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That Stuff May Be Useful Someday

I helped my 10-year-old friend clean and organize her room. As she lobbied to keep a shoe that was about to fall apart, I saw shades of myself in her. And a characteristic of my mother.

Her name, which I’m withholding, means moonlight. So I’ll call her Moonlight. An artist, Moonlight saw value in things that might be useful someday.

That shoe? Its unique straps could be saved. I don’t know what for, but I looked at them through her eyes. Maybe, I thought, they’d get a second life in a piece of art.

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The teeth my mother made in dental school.

My mother used to stow things away for someday. I must admit, I inherited the trait to a degree. The practice makes cleaning out a loved one’s stuff after their death, well, interesting. I still don’t know why Mom put a handful of her long, straight, gray hair in a grocery bag.

I found the bag of hair tucked in a drawer of the coffee table. I kept the hair.

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Finding Treasure In Inherited Books

I bet you inherited books. Maybe a Bible. Or a series of recipe books. Or maybe like me, you inherited enough books to fill a small library, too many to ever read during your busy life.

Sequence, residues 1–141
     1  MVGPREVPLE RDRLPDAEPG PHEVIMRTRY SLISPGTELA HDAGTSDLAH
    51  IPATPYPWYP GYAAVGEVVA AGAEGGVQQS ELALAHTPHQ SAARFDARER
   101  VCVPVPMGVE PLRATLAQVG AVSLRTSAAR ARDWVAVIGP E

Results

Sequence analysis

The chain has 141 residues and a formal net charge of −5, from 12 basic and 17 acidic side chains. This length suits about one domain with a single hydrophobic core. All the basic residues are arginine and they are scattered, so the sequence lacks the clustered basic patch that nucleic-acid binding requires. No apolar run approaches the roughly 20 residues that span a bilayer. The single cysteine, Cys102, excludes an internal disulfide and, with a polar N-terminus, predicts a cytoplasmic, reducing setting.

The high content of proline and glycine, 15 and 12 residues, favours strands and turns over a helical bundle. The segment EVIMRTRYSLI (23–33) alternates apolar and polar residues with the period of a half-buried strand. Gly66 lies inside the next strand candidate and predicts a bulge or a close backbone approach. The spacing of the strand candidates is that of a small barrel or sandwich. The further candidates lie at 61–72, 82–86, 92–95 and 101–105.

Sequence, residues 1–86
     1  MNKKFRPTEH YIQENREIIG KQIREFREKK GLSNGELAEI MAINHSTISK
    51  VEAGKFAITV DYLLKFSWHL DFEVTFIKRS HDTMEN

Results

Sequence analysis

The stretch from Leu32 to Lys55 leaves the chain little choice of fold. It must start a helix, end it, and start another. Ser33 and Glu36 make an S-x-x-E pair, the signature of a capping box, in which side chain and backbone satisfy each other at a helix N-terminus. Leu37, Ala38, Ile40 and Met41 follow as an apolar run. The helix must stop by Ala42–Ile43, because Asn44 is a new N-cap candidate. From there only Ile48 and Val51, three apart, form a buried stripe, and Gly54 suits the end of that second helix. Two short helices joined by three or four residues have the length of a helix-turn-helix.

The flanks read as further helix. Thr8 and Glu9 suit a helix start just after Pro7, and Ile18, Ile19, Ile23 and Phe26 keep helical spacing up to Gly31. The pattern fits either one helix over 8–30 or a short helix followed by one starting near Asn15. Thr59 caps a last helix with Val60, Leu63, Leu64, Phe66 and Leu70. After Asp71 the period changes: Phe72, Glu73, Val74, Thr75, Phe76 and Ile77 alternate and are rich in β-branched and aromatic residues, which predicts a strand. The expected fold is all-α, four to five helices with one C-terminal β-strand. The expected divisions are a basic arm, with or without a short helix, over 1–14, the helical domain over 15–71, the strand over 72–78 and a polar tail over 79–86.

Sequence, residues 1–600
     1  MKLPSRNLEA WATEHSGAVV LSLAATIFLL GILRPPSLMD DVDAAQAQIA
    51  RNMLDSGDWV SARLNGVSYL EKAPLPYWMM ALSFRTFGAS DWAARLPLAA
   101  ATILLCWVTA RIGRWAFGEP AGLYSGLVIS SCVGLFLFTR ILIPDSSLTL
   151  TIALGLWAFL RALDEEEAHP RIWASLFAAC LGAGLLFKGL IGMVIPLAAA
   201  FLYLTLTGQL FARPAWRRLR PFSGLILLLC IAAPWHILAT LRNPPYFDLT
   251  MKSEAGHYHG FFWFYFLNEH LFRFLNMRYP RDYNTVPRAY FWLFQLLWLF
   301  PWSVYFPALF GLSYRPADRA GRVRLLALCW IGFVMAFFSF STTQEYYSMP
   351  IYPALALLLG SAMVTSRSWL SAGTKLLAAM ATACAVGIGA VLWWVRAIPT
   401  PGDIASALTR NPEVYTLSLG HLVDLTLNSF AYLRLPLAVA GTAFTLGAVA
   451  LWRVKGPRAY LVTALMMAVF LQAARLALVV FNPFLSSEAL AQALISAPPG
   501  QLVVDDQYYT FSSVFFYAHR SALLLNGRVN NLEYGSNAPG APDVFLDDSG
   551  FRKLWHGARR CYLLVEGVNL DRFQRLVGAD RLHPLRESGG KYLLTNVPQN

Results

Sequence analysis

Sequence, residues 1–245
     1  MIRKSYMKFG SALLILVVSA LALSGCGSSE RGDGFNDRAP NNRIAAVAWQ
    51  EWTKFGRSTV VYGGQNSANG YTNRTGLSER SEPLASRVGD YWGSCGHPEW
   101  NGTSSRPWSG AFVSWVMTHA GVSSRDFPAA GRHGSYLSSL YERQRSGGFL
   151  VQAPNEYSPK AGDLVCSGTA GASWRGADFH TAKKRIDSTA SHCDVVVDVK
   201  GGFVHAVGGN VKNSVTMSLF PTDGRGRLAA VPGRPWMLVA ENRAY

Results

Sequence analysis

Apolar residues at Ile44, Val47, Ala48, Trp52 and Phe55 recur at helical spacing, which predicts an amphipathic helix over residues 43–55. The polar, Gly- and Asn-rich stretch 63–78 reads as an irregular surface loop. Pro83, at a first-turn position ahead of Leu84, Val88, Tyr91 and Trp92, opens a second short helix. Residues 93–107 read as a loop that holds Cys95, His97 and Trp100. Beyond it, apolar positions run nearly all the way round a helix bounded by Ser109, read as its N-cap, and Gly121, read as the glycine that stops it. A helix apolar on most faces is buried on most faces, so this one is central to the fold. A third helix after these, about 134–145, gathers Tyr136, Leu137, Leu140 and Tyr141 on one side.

What are you to do with them all? I suggest you examine them closely before deciding to haul them to a donation center or library because inside their pages lay buried, priceless treasure.

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Among the books my parents left me was a set of science encyclopedias.

And just like treasure, we must “dig” to collect it.

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When Death Shakes Our Identity

What am I supposed to be? At different times in our lives we may ask this question or versions of it. Our sense of purpose – what am I to be? – is wrapped up in our identity – who am I?

Nothing shakes identity’s foundation more violently than death. We were spouses, but now our mates are gone. We were friends, and then our lifelong BFF dies. Sisters, now without a sis.2018-04-10 00.39.18

Or we were daughters, but now our mommies and daddies are dead, leaving us with a crisis of identity. Or perhaps the feeling that we are orphans. Adult orphans. Lost. Belonging to no one.

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